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African Union stands by decision on Egypt suspension

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Details of high-level meetings with African Union Panel released

The African Union High-Level Panel for Egypt presented its progress report to the Peace and Security Council on Wednesday evening. Courtesy of the African Union

The African Union High-Level Panel for Egypt presented its progress report to the Peace and Security Council on Wednesday evening. Courtesy of the African Union

The African Union (AU) High-Level Panel for Egypt “affirmed the correctness” of the July 2013 decision to suspend Egypt’s activities within the union.

The three-man delegation visited Egypt twice in the months following the ouster of former President Mohamed Morsi on 3 July 2013. The panel met with the leading political stakeholders as well as civil society, business and religious leaders.

The panel prepared a progress report containing the details of their visits, which was presented in full to the African Union Peace and Security Council (PSC) on Wednesday evening.

Within the “observations” section of the report, which was published on Thursday, the panel said the decision taken by the PSC in July was correct, adding; “It is important that the PSC remain actively seized of the situation in Egypt to enable it to assess progress towards the full restoration of constitutional order and take the necessary steps in this regard.”

The panel consists of Former President of Mali Alpha Oumar Konare, who heads the panel, former President of Botswana Festus Gontebanye Mogae and former Prime Minister of Djibouti Dileita Mohamed Dileita.

Alpha Oumar Konaré, former President of the Republic of Mali and former Chairperson of the AU Commission, as the Chairperson  of the  Panel; Mr  Festus Gontebanye Mogae, former  President  of the  Republic  of  Botswana; and Mr Dileita Mohamed Dileita, former Prime Minister of the Republic of Djibouti.

The report provided some details of meetings with the interim government, the Muslim Brotherhood, religious leaders, youth movements and business leaders. The members of the panel also were among a select few who were granted an audience with Morsi, who was then being held in an undisclosed location.

The interim government’s interactions with the panel showed its rejection of any instance of characterising Morsi’s ouster as a “coup”. The report read: “To them what Egypt witnessed on 30 June 2013, culminating in the 3 July change, was a full-fledged popular revolution.” The government officials stressed that the events were “by no means unconstitutional”.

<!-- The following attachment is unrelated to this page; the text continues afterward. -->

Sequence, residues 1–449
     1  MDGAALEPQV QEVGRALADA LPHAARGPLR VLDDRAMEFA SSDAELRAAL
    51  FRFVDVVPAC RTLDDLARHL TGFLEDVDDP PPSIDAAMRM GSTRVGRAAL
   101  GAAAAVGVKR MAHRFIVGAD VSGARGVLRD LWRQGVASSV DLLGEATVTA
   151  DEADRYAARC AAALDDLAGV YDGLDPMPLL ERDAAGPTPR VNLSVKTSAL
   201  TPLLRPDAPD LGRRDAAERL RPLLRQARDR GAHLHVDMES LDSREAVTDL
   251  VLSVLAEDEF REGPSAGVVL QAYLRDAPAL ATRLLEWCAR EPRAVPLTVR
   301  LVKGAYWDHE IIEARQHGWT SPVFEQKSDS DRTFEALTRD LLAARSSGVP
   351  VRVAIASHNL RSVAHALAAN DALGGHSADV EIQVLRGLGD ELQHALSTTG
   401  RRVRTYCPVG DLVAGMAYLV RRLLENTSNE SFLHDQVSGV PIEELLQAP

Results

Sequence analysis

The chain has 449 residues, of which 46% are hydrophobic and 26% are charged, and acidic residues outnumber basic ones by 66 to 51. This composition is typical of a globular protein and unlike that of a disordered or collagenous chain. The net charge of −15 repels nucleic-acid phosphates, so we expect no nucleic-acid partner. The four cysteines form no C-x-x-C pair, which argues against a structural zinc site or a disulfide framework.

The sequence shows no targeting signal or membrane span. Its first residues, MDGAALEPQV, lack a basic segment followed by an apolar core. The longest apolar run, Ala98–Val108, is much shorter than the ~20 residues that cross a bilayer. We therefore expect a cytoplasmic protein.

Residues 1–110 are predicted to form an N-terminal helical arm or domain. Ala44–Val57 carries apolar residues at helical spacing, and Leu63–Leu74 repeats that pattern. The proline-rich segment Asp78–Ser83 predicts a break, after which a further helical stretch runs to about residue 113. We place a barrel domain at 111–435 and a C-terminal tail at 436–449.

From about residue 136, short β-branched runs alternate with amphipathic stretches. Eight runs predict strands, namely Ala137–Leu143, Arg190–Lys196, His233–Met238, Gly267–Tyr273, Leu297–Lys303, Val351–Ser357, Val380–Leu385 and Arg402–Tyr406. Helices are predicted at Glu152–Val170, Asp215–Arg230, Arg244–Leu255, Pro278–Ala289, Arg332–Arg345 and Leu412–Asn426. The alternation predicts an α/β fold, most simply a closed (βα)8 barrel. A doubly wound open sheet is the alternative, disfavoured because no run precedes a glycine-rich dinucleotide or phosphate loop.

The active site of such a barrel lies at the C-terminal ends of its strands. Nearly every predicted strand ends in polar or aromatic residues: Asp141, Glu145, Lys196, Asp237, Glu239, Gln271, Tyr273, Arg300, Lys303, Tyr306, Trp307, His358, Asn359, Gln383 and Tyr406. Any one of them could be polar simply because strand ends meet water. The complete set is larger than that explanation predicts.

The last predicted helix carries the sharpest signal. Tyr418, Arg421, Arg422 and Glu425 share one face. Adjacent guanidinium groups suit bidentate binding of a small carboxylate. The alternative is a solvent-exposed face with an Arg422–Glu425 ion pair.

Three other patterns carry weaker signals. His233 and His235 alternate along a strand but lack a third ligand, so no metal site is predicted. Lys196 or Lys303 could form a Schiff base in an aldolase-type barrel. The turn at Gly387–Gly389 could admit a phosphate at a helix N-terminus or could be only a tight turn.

The panel members said their request to meet Morsi in July “was readily granted by the Egyptian authorities”. During their meeting they “sought his [Morsi’s] views on the management of his year-long presidency and the circumstances that led to his ouster”. The panel members stressed to Morsi the necessity for his supporters “to refrain from violence and to constructively engage in the search for a solution to the crisis”. At the time Morsi’s supporters had set up two large sit-ins in the Greater Cairo area and clashes occurred often between security forces and the participants of the sit-ins. In response to the panel Morsi told them that he rejects violence, adding “that [he] had no ways of communicating with his followers and supporters”. The panel’s request for a second meeting with Morsi when they returned at the end of August was rejected by the authorities, who stated that “it would not be possible to arrange for meetings with individuals who are under trial by the Egyptian Judiciary or detained based on decisions issued by the Public Prosecutor’s Office.”

Representatives of the now outlawed Muslim Brotherhood told the panel that they welcomed the PSC’s decision to suspend Egypt from the African Union. They “complained against arbitrary arrests and killings of their members, and rejected accusations that they were resorting to violence to further their agenda.”

The Brotherhood representatives told the African diplomats that Morsi’s offer of cabinet positions to the main opposition bloc was rejected, adding: “His calls for dialogue and reconciliation were not taken seriously.” They accused businessmen from the era of former President Hosni Mubarak of leading a “smear campaign” against Morsi in the media.

During their meetings the panel pointed out that the PSC’s decisions “should not be misconstrued as a punitive measure”. The PSC at the time said that Morsi’s removal “did not conform to the relevant provisions of the Egyptian Constitution and, therefore, fell under the definition of an unconstitutional change of government as provided for in the relevant AU instruments”, which prompted the suspension.

The panel ended its report by reaffirming its “commitment to continue discharging its mandate and readiness to further interact with the Egyptian authorities and other stakeholders”. It added that it hoped the upcoming elections would mark the end of Egypt’s transition process.

About the author

Joel Gulhane

News Reporter

Joel Gulhane is a journalist with an interest in Egyptian and regional politics. Follow him on Twitter @jgulhane


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